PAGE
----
I am a women.  I have been sexually assaulted. I believe that life is sacred.  I also believe that sometimes women have to make hard choices.  Those choices should not be taken lightly.  I am not qualified to tell someone else what they should do.  I have made the hard choice to carry on with a pregnancy that could very well have killed me and left my family without me.  I made that decision.  It was mine to make.  I would not judge any woman who chose a different path.  Their journey is not mine.

I believe in love.  I believe that finding someone in this world that loves you, makes you feel safe and cares for you, is the greatest gift ever. I found that person. I would hope it to happen for everyone that seeks such a relationship.  I believe in being true to who you are. It is not my right or my desire to tell anyone who to love or who to be.  I would simply hope that you find love and happiness and are free to be true to yourself.  I support you.

I believe that we have an obligation to help and support each other.  To feed the hungry, shelter those in need and support those in crisis. I don’t always live into this belief as much as I should, but I am trying.  My table is an open table.  All are welcome.  We’ve had some good times around our table.  The gatherings have been comprised of many diverse individuals.  I hope that tradition continues.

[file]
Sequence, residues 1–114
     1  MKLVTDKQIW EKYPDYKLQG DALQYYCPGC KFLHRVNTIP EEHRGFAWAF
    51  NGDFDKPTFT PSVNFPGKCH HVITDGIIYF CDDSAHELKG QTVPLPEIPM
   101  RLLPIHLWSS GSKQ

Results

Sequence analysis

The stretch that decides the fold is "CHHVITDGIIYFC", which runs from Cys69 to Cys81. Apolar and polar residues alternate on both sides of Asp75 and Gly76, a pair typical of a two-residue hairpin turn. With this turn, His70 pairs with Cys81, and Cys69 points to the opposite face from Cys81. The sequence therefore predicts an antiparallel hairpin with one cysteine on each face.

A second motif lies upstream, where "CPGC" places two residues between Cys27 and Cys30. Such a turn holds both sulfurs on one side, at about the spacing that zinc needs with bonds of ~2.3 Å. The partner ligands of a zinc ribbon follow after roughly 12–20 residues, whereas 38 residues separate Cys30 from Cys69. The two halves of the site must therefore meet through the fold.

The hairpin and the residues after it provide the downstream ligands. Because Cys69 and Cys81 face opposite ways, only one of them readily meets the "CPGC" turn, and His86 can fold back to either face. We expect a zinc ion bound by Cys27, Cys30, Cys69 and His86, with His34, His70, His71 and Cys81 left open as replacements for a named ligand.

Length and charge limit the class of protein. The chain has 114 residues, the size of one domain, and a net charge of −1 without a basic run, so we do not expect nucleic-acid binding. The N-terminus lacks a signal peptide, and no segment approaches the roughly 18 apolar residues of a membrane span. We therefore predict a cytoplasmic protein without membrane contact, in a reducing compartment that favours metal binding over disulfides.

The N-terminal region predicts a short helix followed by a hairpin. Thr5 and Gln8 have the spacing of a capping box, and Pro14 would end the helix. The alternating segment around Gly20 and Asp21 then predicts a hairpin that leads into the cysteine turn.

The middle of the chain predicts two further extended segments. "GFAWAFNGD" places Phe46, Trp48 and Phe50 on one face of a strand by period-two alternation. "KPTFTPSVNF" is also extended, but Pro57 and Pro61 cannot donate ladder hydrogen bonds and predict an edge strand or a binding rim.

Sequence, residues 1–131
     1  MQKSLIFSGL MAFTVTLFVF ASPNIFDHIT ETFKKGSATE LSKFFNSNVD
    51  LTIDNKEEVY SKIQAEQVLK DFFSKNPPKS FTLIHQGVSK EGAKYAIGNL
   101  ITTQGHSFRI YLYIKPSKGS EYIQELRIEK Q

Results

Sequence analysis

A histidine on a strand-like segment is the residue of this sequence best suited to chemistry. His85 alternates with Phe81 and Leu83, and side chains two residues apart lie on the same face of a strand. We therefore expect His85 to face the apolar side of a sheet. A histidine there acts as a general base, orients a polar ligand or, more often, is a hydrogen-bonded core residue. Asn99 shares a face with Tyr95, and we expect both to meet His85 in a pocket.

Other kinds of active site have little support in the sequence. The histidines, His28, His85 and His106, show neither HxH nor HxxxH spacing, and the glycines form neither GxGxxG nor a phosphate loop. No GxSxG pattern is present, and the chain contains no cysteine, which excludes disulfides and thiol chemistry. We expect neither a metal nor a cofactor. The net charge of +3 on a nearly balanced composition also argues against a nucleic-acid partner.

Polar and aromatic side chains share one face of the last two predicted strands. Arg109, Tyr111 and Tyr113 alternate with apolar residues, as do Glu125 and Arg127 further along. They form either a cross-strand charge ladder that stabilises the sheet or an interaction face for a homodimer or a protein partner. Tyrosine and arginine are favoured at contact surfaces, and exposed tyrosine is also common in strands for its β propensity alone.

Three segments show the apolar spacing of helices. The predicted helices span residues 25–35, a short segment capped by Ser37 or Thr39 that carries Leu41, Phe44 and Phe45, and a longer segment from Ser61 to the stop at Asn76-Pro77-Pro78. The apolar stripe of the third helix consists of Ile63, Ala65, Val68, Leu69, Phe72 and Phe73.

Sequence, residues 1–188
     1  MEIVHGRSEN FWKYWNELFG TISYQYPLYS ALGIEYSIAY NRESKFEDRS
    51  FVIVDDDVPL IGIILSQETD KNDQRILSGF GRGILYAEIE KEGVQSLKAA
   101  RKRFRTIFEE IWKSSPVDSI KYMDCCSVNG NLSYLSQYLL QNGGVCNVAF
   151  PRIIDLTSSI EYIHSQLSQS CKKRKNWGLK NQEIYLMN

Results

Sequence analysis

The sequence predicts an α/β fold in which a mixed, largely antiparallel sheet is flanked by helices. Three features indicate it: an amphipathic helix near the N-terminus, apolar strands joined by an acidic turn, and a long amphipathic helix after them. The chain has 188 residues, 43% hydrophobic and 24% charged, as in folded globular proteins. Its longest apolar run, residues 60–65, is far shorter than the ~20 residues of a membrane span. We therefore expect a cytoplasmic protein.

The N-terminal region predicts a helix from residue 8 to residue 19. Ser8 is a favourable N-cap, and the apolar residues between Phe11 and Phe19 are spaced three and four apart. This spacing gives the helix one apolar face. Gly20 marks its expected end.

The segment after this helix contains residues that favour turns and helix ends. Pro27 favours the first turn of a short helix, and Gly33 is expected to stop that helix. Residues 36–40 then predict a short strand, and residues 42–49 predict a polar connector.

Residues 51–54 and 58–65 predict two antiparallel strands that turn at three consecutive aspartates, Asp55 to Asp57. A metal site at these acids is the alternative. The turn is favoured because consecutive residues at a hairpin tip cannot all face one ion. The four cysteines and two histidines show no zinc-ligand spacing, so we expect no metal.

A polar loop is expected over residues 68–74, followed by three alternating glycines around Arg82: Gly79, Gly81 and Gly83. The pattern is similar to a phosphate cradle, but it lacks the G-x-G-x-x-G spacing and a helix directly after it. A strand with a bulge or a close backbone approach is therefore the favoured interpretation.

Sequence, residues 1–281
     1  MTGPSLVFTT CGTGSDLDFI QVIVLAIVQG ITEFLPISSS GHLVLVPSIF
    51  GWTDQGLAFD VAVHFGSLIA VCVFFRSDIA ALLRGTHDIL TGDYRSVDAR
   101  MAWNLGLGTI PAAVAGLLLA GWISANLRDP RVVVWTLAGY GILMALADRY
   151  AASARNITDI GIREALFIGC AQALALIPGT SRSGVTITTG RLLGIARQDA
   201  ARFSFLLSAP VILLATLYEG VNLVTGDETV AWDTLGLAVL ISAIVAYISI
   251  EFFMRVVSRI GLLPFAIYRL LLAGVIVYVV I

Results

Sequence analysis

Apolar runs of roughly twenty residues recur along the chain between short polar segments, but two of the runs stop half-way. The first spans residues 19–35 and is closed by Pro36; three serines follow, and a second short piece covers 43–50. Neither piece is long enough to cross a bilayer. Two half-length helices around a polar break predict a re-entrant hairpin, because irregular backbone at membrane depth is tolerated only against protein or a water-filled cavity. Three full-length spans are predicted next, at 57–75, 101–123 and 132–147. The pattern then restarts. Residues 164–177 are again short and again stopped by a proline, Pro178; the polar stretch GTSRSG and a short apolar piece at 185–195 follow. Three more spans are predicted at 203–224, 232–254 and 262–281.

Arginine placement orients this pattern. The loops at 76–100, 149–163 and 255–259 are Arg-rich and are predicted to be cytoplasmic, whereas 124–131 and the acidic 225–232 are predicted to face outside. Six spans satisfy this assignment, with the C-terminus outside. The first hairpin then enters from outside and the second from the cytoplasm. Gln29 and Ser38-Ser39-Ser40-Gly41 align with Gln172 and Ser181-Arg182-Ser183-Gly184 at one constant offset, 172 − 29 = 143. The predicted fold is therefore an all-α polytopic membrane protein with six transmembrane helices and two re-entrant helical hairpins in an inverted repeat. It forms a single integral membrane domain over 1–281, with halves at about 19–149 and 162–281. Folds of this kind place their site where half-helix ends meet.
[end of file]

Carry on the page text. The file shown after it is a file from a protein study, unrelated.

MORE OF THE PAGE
After the facebook postings I have read today, I am afraid that I will lose friends with this admission.  I have been the recipient of hurtful words today even though they were unintentional.  That’s the problem with social media. It is so easy to send out words without a clear understanding of where they might end up.

I am fearful for the future.  I have been fearful in the past.  Nothing has changed with recent events.  My husband and I have worked hard.  We have an uncertain financial future.  We have done our best to raise our children to be good people.  I am proud of them all.  I am fearful for the future that they travel into.

I believe that change is necessary.

Politics as usual has got to stop.

The government can’t keep spending money it doesn’t have.   That’s not the way it works. It doesn’t work in my house and it shouldn’t be tolerated in The White House.

We are living in a dangerous world.  We must be realistic about the threats to our safety. Rational steps must be taken to keep our country safe.